Regular price £11.25

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A super juicy and complex Kenyan coffee with notes of blackberries, pomegranate and hibiscus.


Barichu Cooperative Society


Fully washed


SL28, SL34


1,700 - 1,800 masl


Nyeri, Central Province


September - January


We love Kenyan coffees! Cupping the fresh crop arrivals is probably one of the highlights of the year. PLOT's first Kenyan lot is from Gaturiri. The Gaturiri factory is a member of the Barichu Cooperative society, along with three other factories, Gatomboya, Karindundu and Karatina. There are around 1,100 small producers who deliver cherry to the Gaturiri factory washing station and this amounts to between 500 and 600 tonnes of cherry throughout the harvest season. Since construction over 50 years ago, the washing station has consistently produced top quality coffee, with management and staff putting emphasis on cherry selection, proper washing, soaking and long, slow drying.

The coffee is handpicked by the smallholder members and delivered to the Gaturiri factory where it is pulped. Initially the dense beans are separated from the immature floaters using water floatation tanks. The denser beans will sink whilst the immature “floaters” are easily removed. The dense beans are sent through channels to tanks for the first stage of fermentation which will last for around 24 hours, after which the beans are washed and sent to the secondary fermentation tank for another 12-24 hours. Once the fermentation process is completed, the beans enter the washing channels where floaters are separated further and the dense beans are cleaned of mucilage. The washed beans will then enter soaking tanks where they can sit under clean water for as long as another 24 hours, increasing enzymatic activity and strengthening the amino acids and proteins present in the seeds. This process is believed to contribute to the sparkling acidity and sweetness which are typical of Kenyan coffees.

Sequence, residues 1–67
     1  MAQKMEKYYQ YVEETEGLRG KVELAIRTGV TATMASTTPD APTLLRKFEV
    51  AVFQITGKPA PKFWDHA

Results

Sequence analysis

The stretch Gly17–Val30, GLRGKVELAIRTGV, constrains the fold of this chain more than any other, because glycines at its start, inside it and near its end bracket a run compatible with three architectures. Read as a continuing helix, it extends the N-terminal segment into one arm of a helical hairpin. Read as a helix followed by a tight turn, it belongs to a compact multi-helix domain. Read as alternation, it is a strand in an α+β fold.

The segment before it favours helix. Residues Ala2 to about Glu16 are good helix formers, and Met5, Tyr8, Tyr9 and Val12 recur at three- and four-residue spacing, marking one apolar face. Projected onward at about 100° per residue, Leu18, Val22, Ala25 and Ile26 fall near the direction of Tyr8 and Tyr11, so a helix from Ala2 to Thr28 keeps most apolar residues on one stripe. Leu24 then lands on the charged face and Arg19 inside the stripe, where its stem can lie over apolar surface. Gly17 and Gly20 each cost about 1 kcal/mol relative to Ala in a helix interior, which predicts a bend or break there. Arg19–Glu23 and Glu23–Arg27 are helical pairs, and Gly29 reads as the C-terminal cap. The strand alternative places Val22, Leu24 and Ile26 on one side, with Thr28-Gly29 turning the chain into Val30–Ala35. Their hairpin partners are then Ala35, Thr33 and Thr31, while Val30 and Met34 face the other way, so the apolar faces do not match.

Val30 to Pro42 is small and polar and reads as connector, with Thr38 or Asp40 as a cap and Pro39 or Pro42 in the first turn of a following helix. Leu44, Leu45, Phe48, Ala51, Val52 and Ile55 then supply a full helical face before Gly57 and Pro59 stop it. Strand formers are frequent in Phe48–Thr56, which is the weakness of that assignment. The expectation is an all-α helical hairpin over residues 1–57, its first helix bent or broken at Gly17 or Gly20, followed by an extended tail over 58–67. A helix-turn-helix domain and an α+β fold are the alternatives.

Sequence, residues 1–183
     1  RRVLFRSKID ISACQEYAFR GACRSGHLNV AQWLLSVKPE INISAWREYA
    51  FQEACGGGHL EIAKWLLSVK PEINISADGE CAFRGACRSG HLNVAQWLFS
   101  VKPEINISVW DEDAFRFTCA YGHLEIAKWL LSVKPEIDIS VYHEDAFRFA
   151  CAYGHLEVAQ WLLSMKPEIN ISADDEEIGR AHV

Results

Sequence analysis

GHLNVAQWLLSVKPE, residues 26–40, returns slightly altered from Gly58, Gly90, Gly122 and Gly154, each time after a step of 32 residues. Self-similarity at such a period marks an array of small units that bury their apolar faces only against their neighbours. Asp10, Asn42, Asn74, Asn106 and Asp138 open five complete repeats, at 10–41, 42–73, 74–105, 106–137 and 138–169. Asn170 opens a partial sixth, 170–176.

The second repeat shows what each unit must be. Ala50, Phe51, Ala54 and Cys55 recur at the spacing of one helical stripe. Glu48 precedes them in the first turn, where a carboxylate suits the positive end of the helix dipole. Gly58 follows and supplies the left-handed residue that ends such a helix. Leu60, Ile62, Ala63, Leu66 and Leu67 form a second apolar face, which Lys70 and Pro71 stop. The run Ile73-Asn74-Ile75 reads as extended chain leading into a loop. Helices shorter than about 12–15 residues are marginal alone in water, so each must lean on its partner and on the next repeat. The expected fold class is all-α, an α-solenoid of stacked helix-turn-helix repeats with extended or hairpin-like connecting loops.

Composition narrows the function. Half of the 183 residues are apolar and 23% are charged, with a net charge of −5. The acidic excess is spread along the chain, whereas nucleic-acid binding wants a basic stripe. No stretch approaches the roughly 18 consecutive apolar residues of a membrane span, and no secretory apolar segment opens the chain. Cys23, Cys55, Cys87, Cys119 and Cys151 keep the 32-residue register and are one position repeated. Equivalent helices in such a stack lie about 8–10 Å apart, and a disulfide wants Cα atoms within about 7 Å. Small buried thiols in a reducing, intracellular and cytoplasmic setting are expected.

The beans are then transferred to the drying area where the coffee dries under shade very slowly for the first day or so. This allows the surface moisture to be wicked away whilst protecting the parchment from cracking. The coffee is then laid in a thin layer and allowed to dry for 10 to 15 days before being delivered to a private mill and put into ‘bodegas’ to rest – these are raised cells made of chicken wire which allows the coffee to breathe fully and are very unique to Kenya.